The Gallery holds the most extensive collection of portraits in the world. Search over 215,000 works, 150,000 of which are illustrated from the 16th Century to the present day.

Advanced Collection search

Adelaide Augusta Floyd Passingham

© National Portrait Gallery, London

 Like voting
is closed

Thanks for Liking

Please Like other favourites!
If they inspire you please support our work.

Make a donation Close
  • Use this image
  • ShareShare this

Adelaide Augusta Floyd Passingham

by Eveleen Myers (née Tennant)
platinum print, 1889
11 1/2 in. x 8 3/4 in. (293 mm x 222 mm)
Purchased, 1991
Photographs Collection
NPG Ax36315

Sitterback to top

Artistback to top

Linked publicationsback to top

  • 100 Photographs, 2018, p. 37 Read entry

    As a child, Eveleen Myers (1856-1937) had posed for the celebrated photographer Julia Margaret Cameron. Visits to Cameron’s studio may have inspired Myers to take up photography in 1888. This evocative portrait of Adelaide Passingham (1867-1954), simply posed with her hair loose, is one of Myers’s early successes, and appears to have been inspired by Cameron’s style. Myers used the medium primarily to record her children, but also set up a studio in the family home, Leckhampton House in Cambridge, where she made portraits of eminent contemporaries.

  • Smartify image discovery app

Linked displays and exhibitionsback to top

Subject/Themeback to top

Events of 1889back to top

Current affairs

The London Dock strike takes place resulting in a victory for the dock workers striking over pay and conditions.
Prevention of Cruelty to Children Act, allowing legal intervention between children and parents for the first time.
Charles Booth, the English social scientist, publishes the first volume of Life and Labour of the People, an extensive survey into the living conditions of London's East End working class communities.

Art and science

George Gissing's The Nether World, a dark account of the lives of the urban poor in Clerkenwell, is published. Gissing absorbs the French naturalist style of writers such as Emile Zola to produce a harshly realistic observation of life in London at the end of the nineteenth century.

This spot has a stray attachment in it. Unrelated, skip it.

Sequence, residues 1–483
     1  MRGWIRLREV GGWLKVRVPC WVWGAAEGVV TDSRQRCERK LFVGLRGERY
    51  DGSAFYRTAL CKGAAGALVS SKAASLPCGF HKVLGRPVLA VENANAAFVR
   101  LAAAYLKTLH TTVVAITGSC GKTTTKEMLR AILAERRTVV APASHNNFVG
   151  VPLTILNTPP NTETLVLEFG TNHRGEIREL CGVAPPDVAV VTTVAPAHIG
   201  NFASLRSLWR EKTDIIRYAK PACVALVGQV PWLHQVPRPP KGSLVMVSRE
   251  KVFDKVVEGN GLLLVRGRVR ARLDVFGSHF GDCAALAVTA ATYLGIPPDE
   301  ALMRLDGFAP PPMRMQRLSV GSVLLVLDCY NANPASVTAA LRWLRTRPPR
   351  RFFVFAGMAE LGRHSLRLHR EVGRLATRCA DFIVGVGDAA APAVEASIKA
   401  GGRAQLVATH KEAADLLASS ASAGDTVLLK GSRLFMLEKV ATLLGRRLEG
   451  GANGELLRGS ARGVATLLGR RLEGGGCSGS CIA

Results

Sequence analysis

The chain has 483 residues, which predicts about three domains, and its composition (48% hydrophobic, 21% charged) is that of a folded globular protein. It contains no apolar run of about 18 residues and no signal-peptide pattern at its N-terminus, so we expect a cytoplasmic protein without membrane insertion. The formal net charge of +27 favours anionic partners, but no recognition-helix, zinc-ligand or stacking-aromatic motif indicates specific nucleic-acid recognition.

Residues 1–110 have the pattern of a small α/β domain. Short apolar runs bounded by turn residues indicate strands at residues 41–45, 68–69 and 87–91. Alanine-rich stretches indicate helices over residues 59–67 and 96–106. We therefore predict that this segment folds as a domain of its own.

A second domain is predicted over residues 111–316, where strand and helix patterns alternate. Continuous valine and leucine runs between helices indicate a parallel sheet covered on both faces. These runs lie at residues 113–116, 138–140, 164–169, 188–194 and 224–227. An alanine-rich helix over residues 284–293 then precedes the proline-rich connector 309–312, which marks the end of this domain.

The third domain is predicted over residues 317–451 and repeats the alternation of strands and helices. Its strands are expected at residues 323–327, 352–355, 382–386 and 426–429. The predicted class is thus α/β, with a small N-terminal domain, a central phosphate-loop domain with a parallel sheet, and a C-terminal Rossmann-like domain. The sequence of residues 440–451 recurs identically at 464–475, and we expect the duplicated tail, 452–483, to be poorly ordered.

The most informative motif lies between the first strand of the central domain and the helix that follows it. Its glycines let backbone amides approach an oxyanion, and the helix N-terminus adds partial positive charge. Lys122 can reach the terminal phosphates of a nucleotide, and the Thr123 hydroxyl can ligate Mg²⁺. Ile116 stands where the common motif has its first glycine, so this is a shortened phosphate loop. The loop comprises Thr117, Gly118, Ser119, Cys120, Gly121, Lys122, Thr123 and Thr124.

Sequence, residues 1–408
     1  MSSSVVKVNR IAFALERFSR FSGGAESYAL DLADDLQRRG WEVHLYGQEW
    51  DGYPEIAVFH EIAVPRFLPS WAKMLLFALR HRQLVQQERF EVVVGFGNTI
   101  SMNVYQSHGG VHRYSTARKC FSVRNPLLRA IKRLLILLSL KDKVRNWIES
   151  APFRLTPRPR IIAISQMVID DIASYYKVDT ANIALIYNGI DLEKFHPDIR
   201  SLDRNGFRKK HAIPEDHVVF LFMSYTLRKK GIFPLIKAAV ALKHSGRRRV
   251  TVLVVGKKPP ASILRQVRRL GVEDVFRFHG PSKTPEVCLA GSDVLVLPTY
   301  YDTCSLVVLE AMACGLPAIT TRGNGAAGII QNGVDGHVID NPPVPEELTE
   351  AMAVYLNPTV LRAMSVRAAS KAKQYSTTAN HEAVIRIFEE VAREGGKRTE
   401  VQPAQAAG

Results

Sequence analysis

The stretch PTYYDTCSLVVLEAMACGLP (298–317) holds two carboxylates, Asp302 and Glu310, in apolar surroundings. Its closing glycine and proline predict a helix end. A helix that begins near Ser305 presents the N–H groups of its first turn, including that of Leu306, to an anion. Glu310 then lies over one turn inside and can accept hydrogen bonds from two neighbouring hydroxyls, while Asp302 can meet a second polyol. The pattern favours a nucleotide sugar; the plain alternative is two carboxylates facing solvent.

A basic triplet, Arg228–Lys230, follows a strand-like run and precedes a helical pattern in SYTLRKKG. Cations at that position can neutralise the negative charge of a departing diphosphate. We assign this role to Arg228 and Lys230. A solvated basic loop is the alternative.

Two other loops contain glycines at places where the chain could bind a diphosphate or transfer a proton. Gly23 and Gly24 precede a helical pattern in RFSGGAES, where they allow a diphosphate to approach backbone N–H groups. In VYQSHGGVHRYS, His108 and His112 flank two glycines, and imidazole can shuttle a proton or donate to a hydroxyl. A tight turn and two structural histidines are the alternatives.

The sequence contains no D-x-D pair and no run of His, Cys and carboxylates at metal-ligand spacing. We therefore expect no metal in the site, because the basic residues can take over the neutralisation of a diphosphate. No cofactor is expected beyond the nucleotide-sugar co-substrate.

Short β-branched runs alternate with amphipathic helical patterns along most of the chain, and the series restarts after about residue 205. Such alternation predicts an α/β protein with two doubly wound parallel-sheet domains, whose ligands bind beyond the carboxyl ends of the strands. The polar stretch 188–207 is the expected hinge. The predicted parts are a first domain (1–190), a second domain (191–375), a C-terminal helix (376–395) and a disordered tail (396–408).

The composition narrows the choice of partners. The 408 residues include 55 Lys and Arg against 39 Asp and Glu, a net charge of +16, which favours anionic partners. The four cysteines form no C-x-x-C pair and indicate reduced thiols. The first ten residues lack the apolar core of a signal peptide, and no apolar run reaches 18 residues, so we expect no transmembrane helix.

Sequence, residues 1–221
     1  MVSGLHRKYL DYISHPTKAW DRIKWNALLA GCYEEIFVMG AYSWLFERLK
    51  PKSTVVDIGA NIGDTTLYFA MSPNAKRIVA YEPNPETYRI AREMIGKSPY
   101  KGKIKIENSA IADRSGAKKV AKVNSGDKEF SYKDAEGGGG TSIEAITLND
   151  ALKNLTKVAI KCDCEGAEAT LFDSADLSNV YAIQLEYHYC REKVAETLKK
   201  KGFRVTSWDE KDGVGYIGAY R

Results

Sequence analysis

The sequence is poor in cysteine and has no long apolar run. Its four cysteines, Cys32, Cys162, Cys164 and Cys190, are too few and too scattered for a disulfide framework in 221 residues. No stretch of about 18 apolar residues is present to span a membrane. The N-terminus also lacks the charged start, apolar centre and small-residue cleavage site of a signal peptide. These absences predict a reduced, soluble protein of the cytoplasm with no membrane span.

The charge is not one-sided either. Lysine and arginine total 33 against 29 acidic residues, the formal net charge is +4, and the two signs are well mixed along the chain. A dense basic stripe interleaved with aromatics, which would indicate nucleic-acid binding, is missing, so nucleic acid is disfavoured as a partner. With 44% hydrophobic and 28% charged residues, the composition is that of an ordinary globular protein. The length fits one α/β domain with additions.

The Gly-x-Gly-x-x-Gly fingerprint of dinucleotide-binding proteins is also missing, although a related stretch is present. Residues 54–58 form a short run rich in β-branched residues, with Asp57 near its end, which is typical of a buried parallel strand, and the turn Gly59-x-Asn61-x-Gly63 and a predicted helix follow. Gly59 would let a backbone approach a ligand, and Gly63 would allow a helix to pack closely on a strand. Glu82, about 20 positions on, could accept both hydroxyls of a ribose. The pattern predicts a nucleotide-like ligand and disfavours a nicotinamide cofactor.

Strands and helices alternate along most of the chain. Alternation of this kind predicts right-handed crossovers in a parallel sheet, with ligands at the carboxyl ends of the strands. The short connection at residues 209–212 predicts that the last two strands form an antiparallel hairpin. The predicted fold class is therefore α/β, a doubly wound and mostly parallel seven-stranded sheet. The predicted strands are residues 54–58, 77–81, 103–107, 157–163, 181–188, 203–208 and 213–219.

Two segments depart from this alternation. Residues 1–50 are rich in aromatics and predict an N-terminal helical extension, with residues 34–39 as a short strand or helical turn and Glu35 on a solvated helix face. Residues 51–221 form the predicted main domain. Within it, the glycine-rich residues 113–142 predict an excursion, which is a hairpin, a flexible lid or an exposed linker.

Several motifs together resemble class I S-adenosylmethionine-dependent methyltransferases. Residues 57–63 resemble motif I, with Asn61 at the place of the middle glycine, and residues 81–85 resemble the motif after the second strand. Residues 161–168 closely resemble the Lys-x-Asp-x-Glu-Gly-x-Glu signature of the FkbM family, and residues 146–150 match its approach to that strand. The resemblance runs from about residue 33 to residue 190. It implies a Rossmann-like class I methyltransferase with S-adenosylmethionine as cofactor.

International

The Eiffel Tower is erected, designed by the French engineer and bridge builder Alexandre Gustave Eiffel for the Paris Exposition. At 300m high, it was the tallest manmade structure in the world at the time.
The Second International organisation is formed at a Congress in Paris by various socialist and labour parties, with the intention of working together for international socialism. It also declared 1 May International Labour Day.

Tell us more back to top

Can you tell us more about this portrait? Spotted an error, information that is missing (a sitter’s life dates, occupation or family relationships, or a date of portrait for example) or do you know anything that we don't know? If you have information to share please complete the form below.

If you require information from us, please use our Archive enquiry service. You can buy a print of most illustrated portraits. Select the portrait of interest to you, then look out for a Buy a Print button. Prices start at £6 for unframed prints, £25 for framed prints. If you wish to license this image, please use our Rights and Images service.

Please note that we cannot provide valuations.

We digitise over 8,000 portraits a year and we cannot guarantee being able to digitise images that are not already scheduled.

What can you tell us?close

There are occasions when we are unsure of the identity of a sitter or artist, their life dates, occupation or have not recorded their family relationships. Sometimes we have not recorded the date of a portrait. Do you have specialist knowledge or a particular interest about any aspect of the portrait or sitter or artist that you can share with us? We would welcome any information that adds to and enhances our information and understanding about a particular portrait, sitter or artist.

Citationclose

How do you know this? Please could you let us know your source of information.

* Permission to publish (Privacy information)
Privacy Informationclose

The National Portrait Gallery will NOT use your information to contact you or store for any other purpose than to investigate or display your contribution. By ticking permission to publish you are indicating your agreement for your contribution to be shown on this collection item page. Please note your email address will not be displayed on the page nor will it be used for any marketing material or promotion of any kind.

Please ensure your comments are relevant and appropriate. Your contributions must be polite and with no intention of causing trouble. All contributions are moderated.

Your Emailclose

Contributions are moderated. We'll need your email address so that we can follow up on the information provided and contact you to let you know when your contribution has been published.